I had bought probably four pounds of cherry tomatoes that were ridiculously delicious. I’m famous for this cherry tomato sauce on pasta — people go crazy for it. It’s best if you have cherry tomatoes that you’ve just picked, which I usually do from my terrace. But these were very fresh.

I get this gigantic pan. Put good olive oil and pepperoncini it. You just throw in a shitload of cherry tomatoes, a shitload of garlic. You throw the tomatoes in for about two minutes until they puff up. I put in a whole head of garlic; I grated it. Then you take your spatula and press on the tomatoes so they just explode a little bit. You throw in a shitload of basil. And then you throw in white wine. Let it cook for two minutes so the alcohol goes away. Meanwhile you’re boiling the pasta. Then you turn it off and put in a good amount of Parmesan cheese, then you throw the pasta into the pot and cook it the rest of the way. Then I had bought some arugula so I made a simple salad with lemon.

I make that a lot on the weekends and I usually try to invite a bunch of people over. There’s never leftovers.

I had Riesling because it was all we had. Not a sweet Riesling. I think it was from Alsace. But I love rosé right now. I drink rosé whenever I can.

Monday, July 2
I had my baby strawberries and raspberries and yogurt again. And a little of my homemade granola: I put in everything — hazelnuts, coconut … I make a big amount and it lasts for a long time. And I had a giant latte.

That day I had my picture taken at International Foods, so guess what I did? I went shopping. I learned from George Lois, who’s this badass art director, he’s a legendary ad guy. He is Greek and I learned all about Greek cooking from him and his Christmases. International Foods has the best spices, the best honey, somebody makes the best mozzarella there, even though it’s not Greek. The best taramasalata. Tzatziki. They make their own yogurt. Spinach pies, everything. I came back to my office and for lunch just had carrots and taramasalata. And Pirate’s Booty puffs.

Then for dinner I did have a little leftover cherry tomato pasta.

Tuesday, July 3
Raspberries, yogurt, granola, giant skim latte.

For lunch delivery I had Schnipper’s. Shake Shack is so copied now so there’s a lot of these places. But it’s close to our office and I just tried it one day and they have the best salads. They have this fresh market salad that is so delicious — Beets, corn, avocado, radish sprouts, toasted almonds, croutons, tomatoes, chickpeas, Parmesan. I had it with grilled chicken and chipotle dressing. I’m a little addicted to these salads; I have them often for lunch.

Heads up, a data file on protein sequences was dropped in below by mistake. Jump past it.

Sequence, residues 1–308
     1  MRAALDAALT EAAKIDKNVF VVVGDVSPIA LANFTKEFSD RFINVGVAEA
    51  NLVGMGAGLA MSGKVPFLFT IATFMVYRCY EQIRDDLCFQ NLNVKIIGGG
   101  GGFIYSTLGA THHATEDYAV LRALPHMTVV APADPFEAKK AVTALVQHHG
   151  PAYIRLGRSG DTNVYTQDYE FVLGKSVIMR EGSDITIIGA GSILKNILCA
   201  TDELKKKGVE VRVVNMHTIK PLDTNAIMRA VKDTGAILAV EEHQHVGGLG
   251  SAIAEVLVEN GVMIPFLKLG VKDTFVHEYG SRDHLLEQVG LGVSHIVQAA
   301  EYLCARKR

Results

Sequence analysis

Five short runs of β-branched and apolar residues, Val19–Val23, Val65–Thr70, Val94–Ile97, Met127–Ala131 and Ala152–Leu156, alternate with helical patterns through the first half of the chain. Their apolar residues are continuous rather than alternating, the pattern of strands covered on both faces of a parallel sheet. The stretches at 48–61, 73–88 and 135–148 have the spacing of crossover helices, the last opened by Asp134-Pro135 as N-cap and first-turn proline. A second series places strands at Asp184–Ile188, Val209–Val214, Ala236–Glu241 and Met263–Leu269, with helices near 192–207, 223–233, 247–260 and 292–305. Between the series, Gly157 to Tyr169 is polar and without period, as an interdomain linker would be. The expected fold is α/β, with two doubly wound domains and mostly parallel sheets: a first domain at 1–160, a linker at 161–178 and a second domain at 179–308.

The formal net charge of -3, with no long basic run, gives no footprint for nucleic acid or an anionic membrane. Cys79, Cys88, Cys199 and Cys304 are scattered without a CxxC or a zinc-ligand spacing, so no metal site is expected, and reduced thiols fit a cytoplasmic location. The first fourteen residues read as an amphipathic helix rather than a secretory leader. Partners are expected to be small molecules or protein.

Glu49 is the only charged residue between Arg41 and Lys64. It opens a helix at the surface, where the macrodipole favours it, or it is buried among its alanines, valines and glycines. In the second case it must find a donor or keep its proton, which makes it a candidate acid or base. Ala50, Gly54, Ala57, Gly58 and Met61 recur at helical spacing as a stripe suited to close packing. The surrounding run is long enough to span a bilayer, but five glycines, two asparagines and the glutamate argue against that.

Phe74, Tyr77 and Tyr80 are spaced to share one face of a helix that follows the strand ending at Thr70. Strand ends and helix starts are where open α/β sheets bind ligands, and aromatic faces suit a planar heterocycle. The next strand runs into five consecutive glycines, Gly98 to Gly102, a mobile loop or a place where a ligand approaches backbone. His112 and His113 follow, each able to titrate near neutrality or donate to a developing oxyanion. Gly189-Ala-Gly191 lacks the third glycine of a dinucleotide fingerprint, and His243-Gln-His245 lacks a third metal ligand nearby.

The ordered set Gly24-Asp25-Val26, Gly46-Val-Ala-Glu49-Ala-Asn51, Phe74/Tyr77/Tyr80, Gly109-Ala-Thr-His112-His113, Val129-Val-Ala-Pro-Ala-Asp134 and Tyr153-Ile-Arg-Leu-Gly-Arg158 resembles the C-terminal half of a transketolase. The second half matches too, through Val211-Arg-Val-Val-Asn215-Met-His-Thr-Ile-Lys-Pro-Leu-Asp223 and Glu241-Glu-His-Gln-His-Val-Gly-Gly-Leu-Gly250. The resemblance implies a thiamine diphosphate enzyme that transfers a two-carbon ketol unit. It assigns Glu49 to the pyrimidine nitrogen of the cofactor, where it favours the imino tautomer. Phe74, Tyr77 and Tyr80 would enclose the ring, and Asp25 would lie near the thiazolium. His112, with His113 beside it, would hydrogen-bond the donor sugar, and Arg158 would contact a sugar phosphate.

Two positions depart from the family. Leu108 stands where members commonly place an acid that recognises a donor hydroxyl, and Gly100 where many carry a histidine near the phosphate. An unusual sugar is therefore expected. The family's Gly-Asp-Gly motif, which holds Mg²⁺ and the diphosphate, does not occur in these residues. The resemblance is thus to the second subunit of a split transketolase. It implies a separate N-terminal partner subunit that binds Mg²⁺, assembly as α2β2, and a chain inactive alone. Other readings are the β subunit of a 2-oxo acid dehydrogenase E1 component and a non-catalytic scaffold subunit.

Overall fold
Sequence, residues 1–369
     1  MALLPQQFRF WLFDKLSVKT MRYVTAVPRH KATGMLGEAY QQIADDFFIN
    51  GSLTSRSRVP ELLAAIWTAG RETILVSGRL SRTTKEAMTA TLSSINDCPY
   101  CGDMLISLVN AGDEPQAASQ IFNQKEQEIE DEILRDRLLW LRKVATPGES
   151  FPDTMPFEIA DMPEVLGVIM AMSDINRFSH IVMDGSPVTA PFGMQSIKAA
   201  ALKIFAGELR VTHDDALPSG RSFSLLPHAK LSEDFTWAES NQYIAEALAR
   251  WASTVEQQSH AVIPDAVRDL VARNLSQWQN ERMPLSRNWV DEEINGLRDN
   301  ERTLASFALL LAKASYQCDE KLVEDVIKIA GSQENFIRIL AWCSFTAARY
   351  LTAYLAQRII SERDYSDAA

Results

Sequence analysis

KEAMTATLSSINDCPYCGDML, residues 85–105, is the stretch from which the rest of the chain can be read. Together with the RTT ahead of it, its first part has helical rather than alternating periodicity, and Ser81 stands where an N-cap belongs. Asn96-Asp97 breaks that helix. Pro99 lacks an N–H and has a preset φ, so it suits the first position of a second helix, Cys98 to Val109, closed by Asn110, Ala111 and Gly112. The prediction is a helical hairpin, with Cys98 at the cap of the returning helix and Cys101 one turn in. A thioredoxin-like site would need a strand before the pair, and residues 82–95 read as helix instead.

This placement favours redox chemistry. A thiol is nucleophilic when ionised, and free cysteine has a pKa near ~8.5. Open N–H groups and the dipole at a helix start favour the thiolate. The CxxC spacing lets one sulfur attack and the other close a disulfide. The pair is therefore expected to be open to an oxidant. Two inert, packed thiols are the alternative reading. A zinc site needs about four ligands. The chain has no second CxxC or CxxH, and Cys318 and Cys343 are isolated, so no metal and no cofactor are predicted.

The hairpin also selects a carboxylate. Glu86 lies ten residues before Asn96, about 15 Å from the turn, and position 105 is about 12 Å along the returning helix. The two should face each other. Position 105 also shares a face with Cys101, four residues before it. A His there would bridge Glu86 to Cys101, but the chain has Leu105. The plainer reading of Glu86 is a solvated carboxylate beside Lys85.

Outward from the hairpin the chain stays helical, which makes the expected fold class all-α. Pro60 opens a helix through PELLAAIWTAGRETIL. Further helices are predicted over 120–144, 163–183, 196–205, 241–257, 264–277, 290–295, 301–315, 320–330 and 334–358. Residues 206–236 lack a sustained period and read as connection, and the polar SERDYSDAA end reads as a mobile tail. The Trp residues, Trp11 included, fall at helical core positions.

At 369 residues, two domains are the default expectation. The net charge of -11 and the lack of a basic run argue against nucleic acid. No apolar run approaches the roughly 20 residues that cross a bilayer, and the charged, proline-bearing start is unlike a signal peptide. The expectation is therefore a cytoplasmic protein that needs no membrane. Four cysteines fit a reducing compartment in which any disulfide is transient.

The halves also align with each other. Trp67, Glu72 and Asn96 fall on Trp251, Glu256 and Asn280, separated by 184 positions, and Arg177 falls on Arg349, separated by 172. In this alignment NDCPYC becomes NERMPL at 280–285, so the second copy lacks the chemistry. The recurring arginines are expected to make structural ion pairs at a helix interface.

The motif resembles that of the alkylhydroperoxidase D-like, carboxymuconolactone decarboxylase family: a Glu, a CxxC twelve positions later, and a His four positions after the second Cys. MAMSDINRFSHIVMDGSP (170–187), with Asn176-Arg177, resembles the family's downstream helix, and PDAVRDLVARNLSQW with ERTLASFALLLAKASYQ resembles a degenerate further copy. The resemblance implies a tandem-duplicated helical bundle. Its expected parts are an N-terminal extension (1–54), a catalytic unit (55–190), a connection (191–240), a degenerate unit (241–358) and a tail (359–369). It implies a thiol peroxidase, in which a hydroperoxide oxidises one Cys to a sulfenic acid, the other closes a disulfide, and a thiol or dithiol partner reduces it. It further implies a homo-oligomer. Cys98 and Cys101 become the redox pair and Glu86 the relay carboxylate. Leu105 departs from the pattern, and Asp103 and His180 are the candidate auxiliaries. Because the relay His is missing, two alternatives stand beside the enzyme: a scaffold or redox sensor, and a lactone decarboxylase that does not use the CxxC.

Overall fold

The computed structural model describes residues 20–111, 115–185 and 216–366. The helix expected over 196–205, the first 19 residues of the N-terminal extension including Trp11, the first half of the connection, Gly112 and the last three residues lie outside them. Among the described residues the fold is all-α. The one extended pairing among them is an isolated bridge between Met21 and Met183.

Mickey [Boardman, Paper’s editorial director], who had the best Grub Street Diet ever, is a bad influence. He came in my office with a Fat Witch brownie — a mini one though.

For dinner I came home with all of the stuff from International Foods and I made an amazing Greek salad. The secret is you don’t use lettuce, you use cucumbers. You take the seeds out. And then cherry tomatoes from the market. And then I threw in Greek olives; their feta; they make dolmata, the little grape leaves. Greek oregano, olive oil, and lemon. On the side, their pita bread that I warmed up. With tzatiki and taramasalata. And Edy’s mint chip ice cream before bed.

Wednesday, July 4
Same deal: yogurt, raspberries. I do have a little glass of fresh O.J. every morning. And a skim latte.

I went to the farmers market again. And I bought all different color heirloom tomatoes. And I made just delicious tomatoes with fresh mozzarella from that place on MacDougal — Joe’s Dairy. And tons of basil and some olive oil, salt, and pepper.

For dinner I went to RedFarm with a few people and ordered the most delicious spicy crispy beef. It was sick, it was so good. Shrimp and pea dumplings, duck and crab dumplings. Shiso sea bass. I love that place.

Paper Magazine’s Kim Hastreiter Picks Pears in Greenwich Village,